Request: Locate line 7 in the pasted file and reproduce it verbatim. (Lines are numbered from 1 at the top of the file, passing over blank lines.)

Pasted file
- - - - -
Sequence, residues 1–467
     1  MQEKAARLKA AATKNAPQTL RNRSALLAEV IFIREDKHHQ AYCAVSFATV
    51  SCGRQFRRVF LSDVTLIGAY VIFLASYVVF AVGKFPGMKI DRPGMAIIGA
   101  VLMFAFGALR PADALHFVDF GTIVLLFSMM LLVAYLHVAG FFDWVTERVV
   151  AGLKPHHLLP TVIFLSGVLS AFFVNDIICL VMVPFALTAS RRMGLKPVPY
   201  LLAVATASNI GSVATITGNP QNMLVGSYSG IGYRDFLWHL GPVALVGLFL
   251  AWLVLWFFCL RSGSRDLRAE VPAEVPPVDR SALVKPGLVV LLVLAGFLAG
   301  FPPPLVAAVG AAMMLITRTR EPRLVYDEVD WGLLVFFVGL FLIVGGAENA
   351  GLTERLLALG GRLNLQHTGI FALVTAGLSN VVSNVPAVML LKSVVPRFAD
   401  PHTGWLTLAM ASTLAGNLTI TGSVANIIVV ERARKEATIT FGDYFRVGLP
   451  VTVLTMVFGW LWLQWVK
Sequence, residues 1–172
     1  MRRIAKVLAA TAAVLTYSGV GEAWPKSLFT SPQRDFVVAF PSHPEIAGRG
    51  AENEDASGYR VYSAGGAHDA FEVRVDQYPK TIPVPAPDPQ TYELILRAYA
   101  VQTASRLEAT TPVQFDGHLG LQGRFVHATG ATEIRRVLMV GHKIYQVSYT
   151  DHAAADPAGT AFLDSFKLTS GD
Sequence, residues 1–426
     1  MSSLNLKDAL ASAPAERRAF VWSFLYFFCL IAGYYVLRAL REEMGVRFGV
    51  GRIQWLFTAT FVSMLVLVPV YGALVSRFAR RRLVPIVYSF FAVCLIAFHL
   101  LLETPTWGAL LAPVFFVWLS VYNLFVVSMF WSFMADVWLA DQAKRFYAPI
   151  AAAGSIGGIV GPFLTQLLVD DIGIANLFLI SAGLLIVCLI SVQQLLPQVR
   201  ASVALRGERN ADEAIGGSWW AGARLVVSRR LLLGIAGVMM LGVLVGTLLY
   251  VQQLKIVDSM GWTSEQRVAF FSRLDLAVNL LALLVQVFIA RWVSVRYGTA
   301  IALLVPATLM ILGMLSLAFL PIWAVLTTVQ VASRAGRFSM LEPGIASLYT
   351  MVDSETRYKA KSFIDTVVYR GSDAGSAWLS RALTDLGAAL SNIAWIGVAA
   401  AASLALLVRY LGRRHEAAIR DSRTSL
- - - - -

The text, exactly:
   251  AWLVLWFFCL RSGSRDLRAE VPAEVPPVDR SALVKPGLVV LLVLAGFLAG